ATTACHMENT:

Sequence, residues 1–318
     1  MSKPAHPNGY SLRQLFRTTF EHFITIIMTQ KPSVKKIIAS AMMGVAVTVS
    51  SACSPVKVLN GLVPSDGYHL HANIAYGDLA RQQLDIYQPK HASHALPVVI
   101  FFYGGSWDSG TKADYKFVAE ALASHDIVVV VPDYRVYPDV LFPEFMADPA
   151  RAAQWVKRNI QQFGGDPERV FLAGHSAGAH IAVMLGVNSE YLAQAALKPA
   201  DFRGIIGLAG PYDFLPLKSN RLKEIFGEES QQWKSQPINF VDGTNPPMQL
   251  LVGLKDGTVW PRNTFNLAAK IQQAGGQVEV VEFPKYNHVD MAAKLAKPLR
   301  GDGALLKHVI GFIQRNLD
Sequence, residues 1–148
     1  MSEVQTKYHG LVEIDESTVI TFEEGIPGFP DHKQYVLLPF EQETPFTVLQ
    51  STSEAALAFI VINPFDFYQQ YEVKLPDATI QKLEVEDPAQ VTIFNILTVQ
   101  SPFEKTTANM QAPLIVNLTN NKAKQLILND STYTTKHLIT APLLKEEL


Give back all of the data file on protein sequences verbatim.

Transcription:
Sequence, residues 1–318
     1  MSKPAHPNGY SLRQLFRTTF EHFITIIMTQ KPSVKKIIAS AMMGVAVTVS
    51  SACSPVKVLN GLVPSDGYHL HANIAYGDLA RQQLDIYQPK HASHALPVVI
   101  FFYGGSWDSG TKADYKFVAE ALASHDIVVV VPDYRVYPDV LFPEFMADPA
   151  RAAQWVKRNI QQFGGDPERV FLAGHSAGAH IAVMLGVNSE YLAQAALKPA
   201  DFRGIIGLAG PYDFLPLKSN RLKEIFGEES QQWKSQPINF VDGTNPPMQL
   251  LVGLKDGTVW PRNTFNLAAK IQQAGGQVEV VEFPKYNHVD MAAKLAKPLR
   301  GDGALLKHVI GFIQRNLD
Sequence, residues 1–148
     1  MSEVQTKYHG LVEIDESTVI TFEEGIPGFP DHKQYVLLPF EQETPFTVLQ
    51  STSEAALAFI VINPFDFYQQ YEVKLPDATI QKLEVEDPAQ VTIFNILTVQ
   101  SPFEKTTANM QAPLIVNLTN NKAKQLILND STYTTKHLIT APLLKEEL